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July 2014

Hydraulic Expulsion of Tumbu Fly Larvae

Author Affiliations
  • 1School of Medicine, University of California, San Francisco
  • 2Department of Biochemistry and Biophysics, University of California, San Francisco
  • 3Department of Dermatology, University of California, San Francisco

Copyright 2014 American Medical Association. All Rights Reserved. Applicable FARS/DFARS Restrictions Apply to Government Use.

JAMA Dermatol. 2014;150(7):791-792. doi:10.1001/jamadermatol.2013.9571

Furuncular myiasis is rarely observed outside of endemic areas, which may hamper accurate diagnosis. Herein we report 2 cases of Cordylobia anthropophaga larval removal using a hydraulic expulsion technique.

Report of Cases
Case 1

A woman in her 30s presented to the dermatologist with a 3-week history of a painful nodule on her right inner thigh. She had recently returned from travel in Uganda, where she had hand washed her clothing and hung them to dry. She reported that the nodule first appeared during her trip as a small papule that increased in size over time and became painful. After her return to the United States, 2 weeks after the nodule’s initial appearance, the patient developed a fever and went to a local emergency department, where she was noted to be febrile and tachycardic with a fluctuant nodule and significant surrounding erythema. Findings of blood smears were negative for malaria, and blood culture findings were also negative. The patient was diagnosed as having an abscess with surrounding cellulitis and prescribed oral doxycycline. She was seen in follow-up for the next 3 days with resolution of fever.

Despite this, the nodule persisted and became increasingly more painful. Three weeks after its initial appearance, the patient reported feeling and seeing movement within the nodule. Physical examination revealed a 1.5-cm nodule with minimal erythema and a central operculum, through which a larval body could be identified (Figure 1).

Figure 1.
Image not available
Case 1 Skin Lesion at Presentation

A 1.5-cm nodule on presentation with visible larval body in central operculum.

Case 2

A man in his 30s presented to the dermatologist with 2 nodules on his back similar to that seen on patient 1. The man had also recently traveled to Uganda. He denied any pain or sensation of movement. On examination, both 1-cm nodules were found to have visible larvae within.

Clinical Resolution of Cases 1 and 2

In preparation for extraction of the larvae, we performed local infiltration of lidocaine, 1%, with 1:100 000 epinephrine at the base of the nodules in both patients. The larva from patient 1 and one of the larva present on patient 2 were expelled by hydraulic pressure alone (Video). The second larva from patient 2 was pushed to the operculum following infiltration and was painlessly extracted with forceps. The larvae were collected for microscopic examination and morphologically identified as second-stage larvae of the African tumbu fly, C anthropophaga (Figure 2). All 3 nodules healed without complication.

Video. Examples of the Hydraulic Expulsion Of Tumbu Fly Larvae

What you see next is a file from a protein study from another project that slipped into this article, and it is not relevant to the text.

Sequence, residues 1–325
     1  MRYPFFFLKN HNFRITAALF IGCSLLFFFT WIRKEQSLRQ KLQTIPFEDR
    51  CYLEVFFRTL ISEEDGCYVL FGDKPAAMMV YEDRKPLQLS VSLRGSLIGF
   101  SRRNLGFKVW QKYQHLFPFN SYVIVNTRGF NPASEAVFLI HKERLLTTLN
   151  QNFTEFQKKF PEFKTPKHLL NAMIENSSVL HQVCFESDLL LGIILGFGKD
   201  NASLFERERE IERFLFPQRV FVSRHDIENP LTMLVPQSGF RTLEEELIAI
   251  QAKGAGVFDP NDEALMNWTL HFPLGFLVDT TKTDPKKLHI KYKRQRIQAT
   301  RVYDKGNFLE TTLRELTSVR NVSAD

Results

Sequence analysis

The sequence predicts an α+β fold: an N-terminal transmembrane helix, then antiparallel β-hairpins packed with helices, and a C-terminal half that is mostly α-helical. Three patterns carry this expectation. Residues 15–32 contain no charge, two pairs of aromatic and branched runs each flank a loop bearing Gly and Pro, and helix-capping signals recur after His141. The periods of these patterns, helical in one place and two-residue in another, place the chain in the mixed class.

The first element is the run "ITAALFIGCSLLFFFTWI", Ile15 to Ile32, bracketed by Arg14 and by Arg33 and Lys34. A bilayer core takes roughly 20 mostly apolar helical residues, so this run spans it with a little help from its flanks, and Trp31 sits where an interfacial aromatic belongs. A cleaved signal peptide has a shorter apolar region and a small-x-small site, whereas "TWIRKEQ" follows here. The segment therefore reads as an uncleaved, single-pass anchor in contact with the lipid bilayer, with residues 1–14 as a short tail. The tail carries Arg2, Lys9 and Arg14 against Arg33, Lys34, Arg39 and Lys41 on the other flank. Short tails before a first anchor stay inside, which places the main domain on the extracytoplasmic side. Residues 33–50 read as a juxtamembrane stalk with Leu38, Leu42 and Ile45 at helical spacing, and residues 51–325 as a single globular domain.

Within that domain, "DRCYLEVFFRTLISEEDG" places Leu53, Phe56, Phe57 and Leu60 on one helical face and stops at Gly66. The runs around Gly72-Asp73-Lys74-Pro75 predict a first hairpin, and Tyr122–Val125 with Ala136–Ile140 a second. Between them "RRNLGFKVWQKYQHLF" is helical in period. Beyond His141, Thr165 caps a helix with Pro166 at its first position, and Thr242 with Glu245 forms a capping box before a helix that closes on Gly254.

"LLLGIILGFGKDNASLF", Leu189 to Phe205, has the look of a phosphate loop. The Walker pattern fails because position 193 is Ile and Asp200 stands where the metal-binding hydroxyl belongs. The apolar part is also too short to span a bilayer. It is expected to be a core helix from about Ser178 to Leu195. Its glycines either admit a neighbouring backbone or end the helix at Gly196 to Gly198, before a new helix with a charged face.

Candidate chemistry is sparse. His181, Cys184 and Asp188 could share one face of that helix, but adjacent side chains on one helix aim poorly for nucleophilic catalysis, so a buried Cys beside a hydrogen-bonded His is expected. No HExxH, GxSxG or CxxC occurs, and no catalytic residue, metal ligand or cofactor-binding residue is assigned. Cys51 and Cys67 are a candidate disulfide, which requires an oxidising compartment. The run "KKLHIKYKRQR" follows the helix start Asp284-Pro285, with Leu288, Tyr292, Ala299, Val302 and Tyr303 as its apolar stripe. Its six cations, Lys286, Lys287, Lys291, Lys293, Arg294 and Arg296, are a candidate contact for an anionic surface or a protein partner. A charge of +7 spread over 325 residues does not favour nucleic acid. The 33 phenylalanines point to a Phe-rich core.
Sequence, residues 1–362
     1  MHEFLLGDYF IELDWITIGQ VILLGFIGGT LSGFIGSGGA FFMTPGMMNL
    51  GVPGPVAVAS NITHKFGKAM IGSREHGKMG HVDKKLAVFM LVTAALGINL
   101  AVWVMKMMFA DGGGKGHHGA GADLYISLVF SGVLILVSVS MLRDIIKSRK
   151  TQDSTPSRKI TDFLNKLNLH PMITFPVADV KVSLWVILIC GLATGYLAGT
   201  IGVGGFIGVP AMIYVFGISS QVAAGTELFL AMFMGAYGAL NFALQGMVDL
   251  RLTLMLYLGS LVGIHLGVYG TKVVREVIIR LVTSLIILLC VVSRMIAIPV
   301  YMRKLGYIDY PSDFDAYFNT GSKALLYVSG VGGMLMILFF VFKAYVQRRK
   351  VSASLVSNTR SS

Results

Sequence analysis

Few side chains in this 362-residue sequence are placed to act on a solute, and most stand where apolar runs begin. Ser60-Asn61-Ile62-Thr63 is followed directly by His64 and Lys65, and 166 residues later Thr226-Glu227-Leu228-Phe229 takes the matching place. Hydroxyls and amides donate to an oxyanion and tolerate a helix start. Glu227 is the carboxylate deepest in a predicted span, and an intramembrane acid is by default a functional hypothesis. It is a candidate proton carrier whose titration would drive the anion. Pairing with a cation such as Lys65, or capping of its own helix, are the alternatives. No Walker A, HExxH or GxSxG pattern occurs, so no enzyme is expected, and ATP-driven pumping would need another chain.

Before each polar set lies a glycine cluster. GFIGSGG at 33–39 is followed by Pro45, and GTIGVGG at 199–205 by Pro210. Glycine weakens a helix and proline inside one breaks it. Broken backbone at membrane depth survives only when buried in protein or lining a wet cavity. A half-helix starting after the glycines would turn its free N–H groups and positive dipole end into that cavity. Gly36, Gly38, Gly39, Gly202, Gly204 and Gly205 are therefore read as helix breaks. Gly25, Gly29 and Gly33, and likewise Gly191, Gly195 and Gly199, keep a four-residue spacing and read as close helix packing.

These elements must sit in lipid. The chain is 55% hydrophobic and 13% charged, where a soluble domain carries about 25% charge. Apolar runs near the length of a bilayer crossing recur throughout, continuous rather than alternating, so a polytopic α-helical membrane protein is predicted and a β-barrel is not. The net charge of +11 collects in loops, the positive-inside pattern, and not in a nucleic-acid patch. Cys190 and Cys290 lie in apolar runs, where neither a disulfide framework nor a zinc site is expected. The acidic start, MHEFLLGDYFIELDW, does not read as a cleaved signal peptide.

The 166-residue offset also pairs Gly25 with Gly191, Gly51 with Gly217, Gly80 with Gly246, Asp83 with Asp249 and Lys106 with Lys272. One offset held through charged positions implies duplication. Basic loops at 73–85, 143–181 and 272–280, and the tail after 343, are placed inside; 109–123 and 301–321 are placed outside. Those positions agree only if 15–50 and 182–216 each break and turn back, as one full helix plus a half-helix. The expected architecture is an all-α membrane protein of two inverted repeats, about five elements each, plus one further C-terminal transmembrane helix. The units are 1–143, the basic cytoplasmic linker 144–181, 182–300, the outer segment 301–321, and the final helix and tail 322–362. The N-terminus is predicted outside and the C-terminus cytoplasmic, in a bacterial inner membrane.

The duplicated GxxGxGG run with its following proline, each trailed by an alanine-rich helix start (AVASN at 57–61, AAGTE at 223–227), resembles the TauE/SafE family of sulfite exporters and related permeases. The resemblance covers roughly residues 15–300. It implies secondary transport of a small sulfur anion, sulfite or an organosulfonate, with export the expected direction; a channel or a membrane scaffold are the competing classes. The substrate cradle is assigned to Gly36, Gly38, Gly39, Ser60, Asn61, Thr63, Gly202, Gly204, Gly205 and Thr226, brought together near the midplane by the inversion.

Expulsion occurs after application of lidocaine, 1%, solution.

Figure 2.
Image not available
Fly Larvae on Extraction

Fly larvae identified as Cordylobia anthropophaga.


Cutaneous furuncular myiasis results from skin invasion by fly larvae of the order Diptera, including the tumbu fly, C anthropophaga. Furuncular myiasis is rarely observed outside of endemic areas, which may hamper accurate diagnosis. The tumbu fly is endemic to sub-Saharan Africa and can be identified as a large, brownish-yellow fly with black abdominal spots and brown wings.1 The adult female fly can lay up to 300 eggs on ground or on wet clothing. The larvae hatch about 2 to 4 days after deposition and can remain dormant for 7 to 20 days until contact with skin occurs, allowing the larvae to burrow into the subdermal layer.2 Pain and itching can occur, and after 15 days inside the host, larvae exude from the skin and fall to the ground to pupate.3

Though tumbu fly myiasis is thought to be self-resolving, removal of the larva is indicated to prevent pain or secondary infection. As the tumbu fly lacks the recurved spines typical of other myiasis-causing species,4 removal usually involves application of pressure to both sides of the lesion and removal using forceps or a needle.5 In our cases, 2 of the larvae were expelled with hydraulic pressure alone. Since the tumbu fly is not endemic to North America, most practitioners trained in the region have little experience with the clinical presentation and management of this larval cutaneous disease.

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Article Information

Corresponding Author: Sarah T. Arron, MD, PhD, Dermatology Clinical Research Unit, University of California, San Francisco Dermatologic Surgery and Laser Center, 1701 Divisadero St, Third Floor, PO Box 316, San Francisco, CA 94115-0316 (

Published Online: March 19, 2014. doi:10.1001/jamadermatol.2013.9571.

Conflict of Interest Disclosures: None reported.

Funding/Support: Dr Arron received funding from the Department of Dermatology, University of California, San Francisco.

Role of the Sponsor: The sponsor had no role in the design and conduct of the study; collection, management, analysis, and interpretation of the data; preparation, review, or approval of the manuscript; and decision to submit the manuscript for publication.

Additional Contributions: The authors wish to thank Douglas J. Wear, MD, who was with the Armed Forces Institute of Pathology, Washington, DC, for assistance with positive identification of the larva.

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